“Batman v Superman: Dawn of Justice” is a direct sequel to “Man of Steel” and serves as the second installment in the DC Extended Universe. The film explores the consequences of Superman’s existence on Earth and the public’s perception of him as both a savior and a potential threat. The plot revolves around the conflict between Superman and Batman, portrayed by Ben Affleck, who sees Superman as a dangerous force that needs to be stopped. Meanwhile, Lex Luthor, played by Jesse Eisenberg, manipulates events to pit the two superheroes against each other. The film delves into themes of power, responsibility, and the nature of heroism, leading to the formation of the Justice League. Despite a divisive reception, the film is notable for its ambitious storytelling, visual spectacle, and the introduction of other DC Comics characters into the cinematic universe.

Justice League

“Justice League” (2017)

When director Zack Snyder had to step down for family reasons, Joss Whedon stepped in to complete post-production on the “Justice League” film, a superhero ensemble film that brings together iconic DC Comics characters, including Superman, Batman, Wonder Woman, The Flash, Aquaman, and Cyborg. The story centers on the heroes uniting to face the catastrophic threat of Steppenwolf, an ancient alien warlord seeking to conquer Earth using powerful Mother Boxes. The film explores the heroes’ individual struggles and their journey toward forming a cohesive team to save the world. “Justice League” received mixed reviews, with praise for its cast and action sequences but criticism for its inconsistent tone and uneven storytelling. Despite the mixed reception, the film is significant for assembling DC’s major superheroes in a shared cinematic universe.

Justice League

“Zack Snyder’s Justice League” (2021)

Often referred to as the “Snyder Cut,” “Zack Snyder’s Justice League” is a director’s cut of the 2017 “Justice League” film. Directed by Zack Snyder, this version offers a more expansive and coherent narrative, with a runtime of over four hours. The film delves deeper into the backstories of individual Justice League members, such as Cyborg and The Flash, and provides a more detailed exploration of the threat posed by Steppenwolf and his master, Darkseid. Superman’s resurrection is handled differently, and the movie features the Martian Manhunter. The “Snyder Cut” received a more positive response from fans and critics than the theatrical release, with praise for its character development, visual style, and cohesive storytelling. The release of this extended version was a unique event in response to fan demand, demonstrating the impact of directorial vision on a film’s reception.


“Superman: Legacy” (2025)

While details surrounding “Superman: Legacy” remain tightly under wraps, the movie is set to soar onto screens on July 11, 2025. The details we do have hint at a return to Superman’s core: reconciling his Kryptonian heritage with his human upbringing. This introspective lens on Clark Kent’s duality could lead to a deeply personal story, delving into themes of identity, belonging, and the ever-present responsibility that comes with immense power. With James Gunn at the helm, and David Corenswet starring as Superman/Clark Kent, “Superman: Legacy” has the potential to rekindle the Man of Steel’s cinematic flame, offering a Superman story that resonates with both die-hard fans and newcomers alike.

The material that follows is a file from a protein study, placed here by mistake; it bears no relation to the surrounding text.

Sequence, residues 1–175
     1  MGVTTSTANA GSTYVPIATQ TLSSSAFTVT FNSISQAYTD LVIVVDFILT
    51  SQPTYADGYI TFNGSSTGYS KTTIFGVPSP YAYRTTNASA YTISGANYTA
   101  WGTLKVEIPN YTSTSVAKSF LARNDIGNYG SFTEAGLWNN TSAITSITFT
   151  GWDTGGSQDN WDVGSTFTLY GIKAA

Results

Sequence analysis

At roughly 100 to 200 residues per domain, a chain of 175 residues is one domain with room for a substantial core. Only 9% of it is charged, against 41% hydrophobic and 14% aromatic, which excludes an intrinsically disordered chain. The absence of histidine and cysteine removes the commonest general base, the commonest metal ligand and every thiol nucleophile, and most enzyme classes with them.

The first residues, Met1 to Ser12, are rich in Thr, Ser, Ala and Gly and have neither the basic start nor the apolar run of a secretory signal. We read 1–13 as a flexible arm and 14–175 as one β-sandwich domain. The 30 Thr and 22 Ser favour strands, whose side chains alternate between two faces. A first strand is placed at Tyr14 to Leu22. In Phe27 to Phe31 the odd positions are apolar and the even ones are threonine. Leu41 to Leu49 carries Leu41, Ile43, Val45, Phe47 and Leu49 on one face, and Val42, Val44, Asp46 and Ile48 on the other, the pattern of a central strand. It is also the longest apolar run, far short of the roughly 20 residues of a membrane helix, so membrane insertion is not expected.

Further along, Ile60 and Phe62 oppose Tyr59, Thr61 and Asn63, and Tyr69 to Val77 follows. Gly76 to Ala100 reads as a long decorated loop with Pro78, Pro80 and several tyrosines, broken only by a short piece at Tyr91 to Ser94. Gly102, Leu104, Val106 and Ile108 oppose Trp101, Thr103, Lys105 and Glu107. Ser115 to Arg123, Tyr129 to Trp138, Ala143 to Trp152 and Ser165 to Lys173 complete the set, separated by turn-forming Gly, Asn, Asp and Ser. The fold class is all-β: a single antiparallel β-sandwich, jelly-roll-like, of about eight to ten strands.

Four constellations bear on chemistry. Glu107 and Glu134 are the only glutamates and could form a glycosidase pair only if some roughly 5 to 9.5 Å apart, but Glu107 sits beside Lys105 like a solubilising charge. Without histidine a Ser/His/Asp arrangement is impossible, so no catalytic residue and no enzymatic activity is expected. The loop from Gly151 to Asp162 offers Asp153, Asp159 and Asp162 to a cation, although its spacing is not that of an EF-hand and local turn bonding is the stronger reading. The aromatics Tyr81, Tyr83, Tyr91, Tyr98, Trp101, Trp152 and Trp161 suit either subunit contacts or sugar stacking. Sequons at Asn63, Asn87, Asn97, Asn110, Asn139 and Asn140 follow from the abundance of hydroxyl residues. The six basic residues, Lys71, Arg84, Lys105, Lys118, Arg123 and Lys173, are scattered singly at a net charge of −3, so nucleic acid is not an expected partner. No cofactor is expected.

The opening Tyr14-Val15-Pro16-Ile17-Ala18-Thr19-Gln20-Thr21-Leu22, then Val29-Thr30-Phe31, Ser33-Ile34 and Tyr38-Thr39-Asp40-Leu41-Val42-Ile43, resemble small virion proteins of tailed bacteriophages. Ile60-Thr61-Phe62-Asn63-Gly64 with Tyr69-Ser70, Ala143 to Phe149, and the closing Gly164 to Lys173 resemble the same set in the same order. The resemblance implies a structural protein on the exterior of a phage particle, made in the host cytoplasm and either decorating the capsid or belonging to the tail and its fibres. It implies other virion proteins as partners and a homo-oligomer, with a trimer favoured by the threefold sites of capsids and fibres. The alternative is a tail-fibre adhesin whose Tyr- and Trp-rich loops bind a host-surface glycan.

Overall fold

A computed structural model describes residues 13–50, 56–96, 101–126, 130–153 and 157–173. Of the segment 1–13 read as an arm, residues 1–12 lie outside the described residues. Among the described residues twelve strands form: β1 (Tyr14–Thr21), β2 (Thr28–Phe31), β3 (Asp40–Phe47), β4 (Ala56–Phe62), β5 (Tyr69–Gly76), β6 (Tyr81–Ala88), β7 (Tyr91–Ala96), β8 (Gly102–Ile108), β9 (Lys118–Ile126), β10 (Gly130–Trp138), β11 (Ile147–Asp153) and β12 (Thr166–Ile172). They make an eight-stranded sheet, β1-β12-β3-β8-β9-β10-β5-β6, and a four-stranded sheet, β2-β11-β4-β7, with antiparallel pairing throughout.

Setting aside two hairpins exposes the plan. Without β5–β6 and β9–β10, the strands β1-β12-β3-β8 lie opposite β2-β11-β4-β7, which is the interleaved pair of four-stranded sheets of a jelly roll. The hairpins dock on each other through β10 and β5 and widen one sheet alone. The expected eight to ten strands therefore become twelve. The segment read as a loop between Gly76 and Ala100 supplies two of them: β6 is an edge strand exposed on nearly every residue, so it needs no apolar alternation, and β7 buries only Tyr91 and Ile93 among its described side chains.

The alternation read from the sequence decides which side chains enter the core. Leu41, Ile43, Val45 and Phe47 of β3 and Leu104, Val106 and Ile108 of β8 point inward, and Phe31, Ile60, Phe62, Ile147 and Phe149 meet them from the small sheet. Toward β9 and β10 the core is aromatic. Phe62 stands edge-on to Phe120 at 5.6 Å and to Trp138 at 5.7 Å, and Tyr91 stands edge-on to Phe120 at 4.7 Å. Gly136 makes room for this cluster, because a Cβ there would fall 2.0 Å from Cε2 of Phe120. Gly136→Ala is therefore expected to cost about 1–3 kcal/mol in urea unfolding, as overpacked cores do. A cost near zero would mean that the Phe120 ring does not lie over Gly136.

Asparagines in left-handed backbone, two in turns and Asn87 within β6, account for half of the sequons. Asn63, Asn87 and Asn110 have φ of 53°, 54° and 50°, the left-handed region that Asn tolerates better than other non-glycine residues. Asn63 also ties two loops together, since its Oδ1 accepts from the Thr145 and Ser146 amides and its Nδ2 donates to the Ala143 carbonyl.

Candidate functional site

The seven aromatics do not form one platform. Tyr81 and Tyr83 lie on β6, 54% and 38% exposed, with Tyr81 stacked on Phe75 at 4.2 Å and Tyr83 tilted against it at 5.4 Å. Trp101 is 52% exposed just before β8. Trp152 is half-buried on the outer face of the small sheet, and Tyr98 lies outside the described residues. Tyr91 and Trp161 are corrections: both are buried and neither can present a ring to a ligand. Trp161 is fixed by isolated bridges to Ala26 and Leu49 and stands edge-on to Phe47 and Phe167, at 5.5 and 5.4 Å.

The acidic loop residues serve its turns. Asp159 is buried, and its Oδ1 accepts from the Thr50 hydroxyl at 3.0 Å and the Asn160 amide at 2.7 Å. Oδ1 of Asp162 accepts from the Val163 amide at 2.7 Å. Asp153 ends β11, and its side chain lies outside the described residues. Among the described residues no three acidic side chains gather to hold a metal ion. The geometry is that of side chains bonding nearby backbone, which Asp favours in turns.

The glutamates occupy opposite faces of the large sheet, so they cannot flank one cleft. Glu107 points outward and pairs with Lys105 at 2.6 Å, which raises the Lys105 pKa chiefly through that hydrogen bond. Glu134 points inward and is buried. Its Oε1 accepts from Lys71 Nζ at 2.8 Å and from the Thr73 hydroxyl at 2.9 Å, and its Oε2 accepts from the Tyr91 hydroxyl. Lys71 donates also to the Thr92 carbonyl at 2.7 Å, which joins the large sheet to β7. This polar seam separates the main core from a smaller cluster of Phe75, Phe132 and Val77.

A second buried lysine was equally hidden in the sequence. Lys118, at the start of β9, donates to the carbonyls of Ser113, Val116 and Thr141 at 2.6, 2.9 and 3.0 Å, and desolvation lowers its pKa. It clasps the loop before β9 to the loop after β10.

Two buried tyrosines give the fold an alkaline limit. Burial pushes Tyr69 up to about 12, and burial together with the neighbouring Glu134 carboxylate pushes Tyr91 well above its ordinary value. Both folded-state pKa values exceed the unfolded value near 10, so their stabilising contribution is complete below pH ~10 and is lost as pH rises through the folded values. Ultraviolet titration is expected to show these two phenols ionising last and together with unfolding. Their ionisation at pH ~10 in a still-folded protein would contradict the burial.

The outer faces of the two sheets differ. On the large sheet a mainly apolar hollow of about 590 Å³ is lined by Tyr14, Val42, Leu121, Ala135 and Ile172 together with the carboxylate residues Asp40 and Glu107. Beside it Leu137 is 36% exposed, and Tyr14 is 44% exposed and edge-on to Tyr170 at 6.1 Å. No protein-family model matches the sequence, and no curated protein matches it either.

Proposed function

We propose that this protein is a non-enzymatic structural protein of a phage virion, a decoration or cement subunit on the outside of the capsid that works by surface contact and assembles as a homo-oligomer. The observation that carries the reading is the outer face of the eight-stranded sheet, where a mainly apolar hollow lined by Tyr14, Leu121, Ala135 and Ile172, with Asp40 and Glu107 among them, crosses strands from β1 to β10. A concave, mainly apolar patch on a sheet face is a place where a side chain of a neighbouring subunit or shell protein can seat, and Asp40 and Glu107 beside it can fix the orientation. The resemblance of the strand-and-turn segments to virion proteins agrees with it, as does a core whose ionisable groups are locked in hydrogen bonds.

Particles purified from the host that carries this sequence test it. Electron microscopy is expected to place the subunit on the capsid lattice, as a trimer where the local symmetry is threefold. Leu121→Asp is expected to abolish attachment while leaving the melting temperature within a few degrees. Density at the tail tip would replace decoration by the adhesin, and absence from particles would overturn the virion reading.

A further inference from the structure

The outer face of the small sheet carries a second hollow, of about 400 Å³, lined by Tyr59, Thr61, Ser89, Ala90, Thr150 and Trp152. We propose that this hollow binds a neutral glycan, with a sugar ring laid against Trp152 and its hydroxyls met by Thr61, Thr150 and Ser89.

Worthy Mentions:

Superman Serial

“Superman” Serial (1948)

The “Superman” serial from 1948 is a 15-chapter cinematic adventure that follows the exploits of the iconic superhero as he battles the forces of evil. Starring Kirk Alyn as Superman/Clark Kent and Noel Neill as Lois Lane, the serial sees Superman taking on the villainous Spider Lady, who plans to use a powerful scientific device known as the ‘Reducer Ray’ for nefarious purposes. As Superman, Clark Kent must navigate various challenges, including deadly traps, explosions, and secret identities, to thwart the Spider Lady’s plans and ensure the safety of Metropolis. Filled with action-packed sequences and classic comic book elements, the serial captures the essence of Superman’s early adventures on the silver screen.

“Atom Man vs Superman” Serial (1950)

“Atom Man vs Superman” (1950) is a 15-chapter film serial that follows Superman’s quest to thwart the nefarious plans of Lex Luthor, who adopts the alias Atom Man. Luthor, seeking revenge for his previous defeat, employs a variety of ingenious schemes, including the creation of Kryptonite-powered weapons and devices. As Atom Man, Luthor poses a formidable challenge to Superman, putting both Metropolis and the world at risk. Throughout the serial, Superman must overcome numerous obstacles, including the emotional turmoil caused by his alter ego, Clark Kent, being accused of Atom Man’s crimes. The storyline unfolds with suspenseful cliffhangers at the end of each chapter, keeping audiences engaged in the thrilling battle between the Man of Steel and his cunning arch-nemesis.


“Supergirl” (1984)

While Superman doesn’t directly appear in the “Supergirl” movie starring Helen Slater, the story is set in the same continuity as the Christopher Reeve Superman films, with the story focusing on Kara Zor-El, Superman’s Kryptonian cousin, who travels to Earth to retrieve a powerful artifact, the Omegahedron. Despite mixed reviews and commercial shortcomings, “Supergirl” remains notable for being one of the early superhero films featuring a female protagonist.

Cameo Appearances:

Superman Cameo

In “Shazam!” (2019), Superman makes a brief appearance, but only his torso and costume are shown, and his face is not visible.

Henry Cavill made a triumphant return as Superman in a post-credit scene in “Black Adam” (2022), setting up a possible confrontation between the two super-powered beings, however Warner Bros. decided to take their superhero films in a different direction, ending Cavill’s time as the Man of Steel.

In “The Flash” (2023), while Cavill’s Superman is absent, we are introduced to a different version of Supergirl (played by Sasha Calle). The film does however utilize CGI to incorporate iconic past portrayals like George Reeves’ black-and-white Superman, Christopher Reeve’s Superman and Helen Slater’s Supergirl, offering a nostalgic glimpse into the character’s rich history within the multiverse. A more substantial sequence saw a CGI-enhanced Nicolas Cage as Superman, rekindling the flames of the unproduced Tim Burton “Superman Lives” project from the early 1990s. These cameos, both familiar and unexpected, serve as potent reminders of Superman’s enduring legacy.


I hope you’ve enjoyed this examination of Superman’s movie history. Throughout the years, Superman’s cinematic legacy remains a testament to the enduring popularity of the Man of Steel and the ongoing efforts to reinterpret his story for new generations.